The independent senator is working to gain support from the black community in the South, with the introductory speaker stating “We are building a multiracial political revolution”.

North Carolina will hold its primary election on Super Tuesday along with 11 other states and can expect to receive more attention from the Sanders campaign in the near future.

Watch Cornel West introduce Sanders in Columbia

Dr Cornel West gave a rousing introduction of Bernie Sanders at a rally in Columbia, South Carolina this weekend.

“He’s not just on the move,” Dr West said of Sanders. “He’s going to win.”

“Get in on the love train. That’s what Bernie Sanders’ campaign is.”

Thousands come out to see Sanders in Rock Hill, SC

The independent Senator from Vermont drew thousands for a rally in Rock Hill, South Carolina on Saturday night.

Around 3,000 supporters attended the rally on the campus of Winthrop University on Saturday. The rally was initially scheduled to be held at the West Centre, but was moved to the Brynes Auditorium to accommodate a crowd larger than expected.

This is the Senator’s second swing through South Carolina, who is currently struggling to gain traction in the Palmetto State, though leading in Iowa and New Hampshire, other key states.

The campaign has also recently grown its staff in South Carolina, and is expected to focus heavily on the state over the coming months.

Sanders fires up enthusiastic Iowa crowd

Bernie Sanders kept up with the pace of his own momentum today as part of his three day tour of Iowa, meeting a crowd of 700 in Grinnell.

Seeking to capitalize on the new optimism following the positive Iowa poll, showing a 7-point gap between Sanders and Clinton, Sanders spoke to over 700 voters in the town of Grinnell.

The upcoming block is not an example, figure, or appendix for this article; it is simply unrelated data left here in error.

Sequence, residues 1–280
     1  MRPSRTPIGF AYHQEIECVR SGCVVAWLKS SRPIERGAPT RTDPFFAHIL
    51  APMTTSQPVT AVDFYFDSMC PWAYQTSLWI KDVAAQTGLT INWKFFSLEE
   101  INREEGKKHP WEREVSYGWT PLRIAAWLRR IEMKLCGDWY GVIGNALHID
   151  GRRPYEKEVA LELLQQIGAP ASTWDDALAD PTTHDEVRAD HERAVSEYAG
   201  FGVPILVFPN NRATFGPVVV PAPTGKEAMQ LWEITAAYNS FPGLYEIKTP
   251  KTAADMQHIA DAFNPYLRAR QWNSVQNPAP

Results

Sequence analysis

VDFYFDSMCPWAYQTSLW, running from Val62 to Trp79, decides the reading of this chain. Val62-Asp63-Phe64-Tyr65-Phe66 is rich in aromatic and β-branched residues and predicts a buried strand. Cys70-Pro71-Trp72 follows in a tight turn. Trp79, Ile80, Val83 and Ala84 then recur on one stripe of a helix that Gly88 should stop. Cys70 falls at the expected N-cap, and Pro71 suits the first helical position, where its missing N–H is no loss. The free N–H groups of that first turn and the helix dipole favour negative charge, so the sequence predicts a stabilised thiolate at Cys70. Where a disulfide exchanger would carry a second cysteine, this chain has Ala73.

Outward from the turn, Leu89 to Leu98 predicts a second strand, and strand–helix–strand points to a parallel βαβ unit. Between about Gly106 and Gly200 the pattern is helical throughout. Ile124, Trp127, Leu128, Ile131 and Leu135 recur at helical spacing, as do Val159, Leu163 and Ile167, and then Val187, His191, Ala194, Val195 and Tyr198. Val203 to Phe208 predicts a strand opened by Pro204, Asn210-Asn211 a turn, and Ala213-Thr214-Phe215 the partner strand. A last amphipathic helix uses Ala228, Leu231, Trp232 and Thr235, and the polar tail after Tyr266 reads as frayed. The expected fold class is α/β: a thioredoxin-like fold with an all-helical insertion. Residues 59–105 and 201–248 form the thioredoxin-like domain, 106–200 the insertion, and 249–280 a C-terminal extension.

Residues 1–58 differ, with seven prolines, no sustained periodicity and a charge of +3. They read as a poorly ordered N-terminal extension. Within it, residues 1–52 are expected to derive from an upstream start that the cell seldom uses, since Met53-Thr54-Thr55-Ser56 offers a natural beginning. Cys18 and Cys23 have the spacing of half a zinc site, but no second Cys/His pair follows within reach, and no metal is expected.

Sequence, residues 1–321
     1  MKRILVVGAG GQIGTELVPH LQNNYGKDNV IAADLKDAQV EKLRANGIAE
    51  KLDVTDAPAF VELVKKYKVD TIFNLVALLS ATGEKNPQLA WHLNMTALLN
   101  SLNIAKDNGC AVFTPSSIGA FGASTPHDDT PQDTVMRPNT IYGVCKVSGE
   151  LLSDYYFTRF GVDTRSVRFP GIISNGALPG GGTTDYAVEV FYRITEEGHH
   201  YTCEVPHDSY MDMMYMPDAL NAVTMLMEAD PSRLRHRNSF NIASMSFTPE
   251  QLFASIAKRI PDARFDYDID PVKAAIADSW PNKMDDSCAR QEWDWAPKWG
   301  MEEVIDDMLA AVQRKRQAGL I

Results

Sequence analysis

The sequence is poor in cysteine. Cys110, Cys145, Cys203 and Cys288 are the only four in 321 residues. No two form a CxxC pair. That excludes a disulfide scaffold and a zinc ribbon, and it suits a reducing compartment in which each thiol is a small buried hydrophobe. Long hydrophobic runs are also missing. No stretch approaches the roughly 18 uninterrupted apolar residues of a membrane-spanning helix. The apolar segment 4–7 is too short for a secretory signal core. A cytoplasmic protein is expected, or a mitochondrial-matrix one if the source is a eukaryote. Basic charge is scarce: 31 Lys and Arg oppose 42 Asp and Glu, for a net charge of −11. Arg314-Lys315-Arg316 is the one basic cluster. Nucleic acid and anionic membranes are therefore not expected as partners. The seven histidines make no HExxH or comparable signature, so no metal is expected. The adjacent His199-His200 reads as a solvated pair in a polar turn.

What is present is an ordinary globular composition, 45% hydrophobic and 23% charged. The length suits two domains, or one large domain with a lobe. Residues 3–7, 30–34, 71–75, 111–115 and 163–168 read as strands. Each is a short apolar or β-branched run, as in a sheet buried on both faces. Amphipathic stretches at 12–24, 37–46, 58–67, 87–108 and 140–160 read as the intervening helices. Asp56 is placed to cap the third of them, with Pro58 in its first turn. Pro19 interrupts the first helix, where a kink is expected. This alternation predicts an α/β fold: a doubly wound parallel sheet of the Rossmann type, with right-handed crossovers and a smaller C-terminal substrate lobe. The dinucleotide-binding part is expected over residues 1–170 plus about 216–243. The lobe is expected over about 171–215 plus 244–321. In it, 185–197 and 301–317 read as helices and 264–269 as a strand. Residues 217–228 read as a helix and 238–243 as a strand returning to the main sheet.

In his speech, he spoke about the opening of the new campaign HQ in Ottumwa, commended the Iowan caucus system, and described the advances the campaign had made in the recent months, applauding the grassroots organizers in Iowa and across the country for their contributions.

Prior to the speech event, Sanders took part in taping of the Iowa Public Television’s “Iowa Press”, which will air over the weekend.

Sanders will stay on the move in Iowa over the next few days, visiting the town of Burlington tonight, and heading to Cedar Rapids tomorrow.

Sanders delivers strong address to DNC summer meeting

Democratic presidential candidates were at the Democratic National Committee’s Summer Meeting on Friday, and Senator Sanders did not shy away from his beliefs in front of the Democratic Party’s most powerful players.

After a brief introduction by the Democratic National Committee’s Vice Chairman and President of the Association of State Democratic Chairs Ray Buckley that highlighted Senator Sanders’ long career in activism and politics, Sanders addressed the crowd of mostly Democrat elites with a strong message: end establishment politics or lose the election.